• [0036]
    FIG. 1 shows an illustration of the packet preamble for the WLAN Standard IEEE-802.11a;
  • [0037]
    FIG. 2 shows an illustration of the occupancy of 4 of the total of 52 subcarriers for an OFDM symbol with pilot signals for the WLAN Standard IEEE-802.11a;
  • [0038]
    FIG. 3 shows an illustration of a packet preamble for one exemplary embodiment of the transmission method according to the invention;
  • [0039]
    FIG. 4 shows an illustration of the occupancy of the subcarriers with pilot signals for one exemplary embodiment of the transmission method according to the invention; and
  • [0040]
    FIG. 5 shows an illustration of the occupancy of some of the subcarriers with pilot signals for one exemplary embodiment of the transmission method according to the invention.
  • DETAILED DESCRIPTION
  • [0041]
    FIGS. 1 and 2 have already been explained above, with reference to the prior art.
  • [0042]
    FIG. 3 illustrates a packet preamble based on the exemplary embodiment of the transmission method according to the invention as described in the following text. The preamble is based on the preamble illustrated in FIG. 1 for the WLAN Standard IEEE-802.11a. The packet preamble comprises a first part 4 with short segments (time duration 0.4 μs) and a second part 7 with two longer segments. (time duration 3.2 μs). The first part 4 of the packet preamble contains N=18 short segments. The segments, which are annotated B or {overscore (B)} each comprise a plurality of sample values. The first part 4 of the preamble comprises a first section 5 and a second section 6. The total of 10 segments in the first section 5 are in this case identical. The first section 5 in consequence behaves in the same way as the first part 1 of the preamble for the WLAN Standard IEEE-802.11a (see FIG. 1). The segments of the second section 6, which overlaps the first section 5, are not completely identical, in contrast to the first section 5. The bars in this case indicate the inversion of the individual sample values in the B segment.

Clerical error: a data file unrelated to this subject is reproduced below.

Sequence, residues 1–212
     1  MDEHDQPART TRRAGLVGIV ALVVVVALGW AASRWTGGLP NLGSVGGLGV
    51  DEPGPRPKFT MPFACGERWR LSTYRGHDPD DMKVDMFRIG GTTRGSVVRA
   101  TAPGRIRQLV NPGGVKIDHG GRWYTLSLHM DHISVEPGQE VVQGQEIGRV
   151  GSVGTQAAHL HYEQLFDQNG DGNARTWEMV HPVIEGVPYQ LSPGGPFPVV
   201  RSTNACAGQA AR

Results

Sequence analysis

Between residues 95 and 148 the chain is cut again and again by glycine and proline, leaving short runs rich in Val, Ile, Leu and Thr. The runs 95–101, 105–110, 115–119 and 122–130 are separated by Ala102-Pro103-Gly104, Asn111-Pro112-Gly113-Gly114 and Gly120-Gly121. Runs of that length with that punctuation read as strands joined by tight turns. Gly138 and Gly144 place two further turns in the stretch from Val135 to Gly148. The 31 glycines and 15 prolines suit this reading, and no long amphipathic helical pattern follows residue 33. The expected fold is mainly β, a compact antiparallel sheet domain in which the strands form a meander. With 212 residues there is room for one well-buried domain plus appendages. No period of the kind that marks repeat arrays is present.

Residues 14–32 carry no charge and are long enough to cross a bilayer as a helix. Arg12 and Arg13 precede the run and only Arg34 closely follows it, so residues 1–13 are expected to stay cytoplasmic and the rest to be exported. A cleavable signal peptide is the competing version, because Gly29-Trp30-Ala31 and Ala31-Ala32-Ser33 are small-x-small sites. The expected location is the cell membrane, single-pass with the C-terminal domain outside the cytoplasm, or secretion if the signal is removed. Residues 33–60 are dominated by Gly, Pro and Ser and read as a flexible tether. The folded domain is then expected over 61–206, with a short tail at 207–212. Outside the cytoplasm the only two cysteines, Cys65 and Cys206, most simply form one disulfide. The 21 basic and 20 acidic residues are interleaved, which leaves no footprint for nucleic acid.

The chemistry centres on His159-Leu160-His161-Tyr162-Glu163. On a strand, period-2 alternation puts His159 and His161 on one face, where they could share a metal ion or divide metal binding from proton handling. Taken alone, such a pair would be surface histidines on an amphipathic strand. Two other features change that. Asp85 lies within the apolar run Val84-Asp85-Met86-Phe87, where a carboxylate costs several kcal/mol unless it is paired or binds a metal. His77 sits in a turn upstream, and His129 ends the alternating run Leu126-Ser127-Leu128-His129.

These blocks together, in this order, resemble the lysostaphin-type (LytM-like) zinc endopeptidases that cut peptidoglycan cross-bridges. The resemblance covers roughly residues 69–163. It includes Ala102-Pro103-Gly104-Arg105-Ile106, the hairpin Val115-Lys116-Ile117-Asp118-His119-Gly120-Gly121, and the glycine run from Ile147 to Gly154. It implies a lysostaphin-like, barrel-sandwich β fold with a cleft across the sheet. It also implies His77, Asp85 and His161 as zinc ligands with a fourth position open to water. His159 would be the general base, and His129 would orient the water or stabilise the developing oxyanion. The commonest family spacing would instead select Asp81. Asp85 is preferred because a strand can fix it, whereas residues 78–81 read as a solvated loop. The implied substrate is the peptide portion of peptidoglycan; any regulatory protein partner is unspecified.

• [0043]
    The first part 4 of the packet preamble is obtained from the superimposition of a sequence B′=[B, B, . . . , B, B] of identical segments B and a mathematical sign sequence S=[s1, s2 . . . , sN-1, sN] where si={+1, −1}. The first part 4 of the packet preamble can thus be represented in the form: [s1B, s2B, . . . , sN-1B, sNB].
  • [0044]
    A mathematical sign sequence S=[1, 1, 1, 1, 1, 1, 1, 1, 1, 1, −1, −1, 1, 1, −1, 1, −1, 1] is used in the present case. The first 10 elements, on which the first section 5 is based, are each set to 1, while the last 13 elements in the mathematical sign sequence form a Barker sequence of length 13.
  • [0045]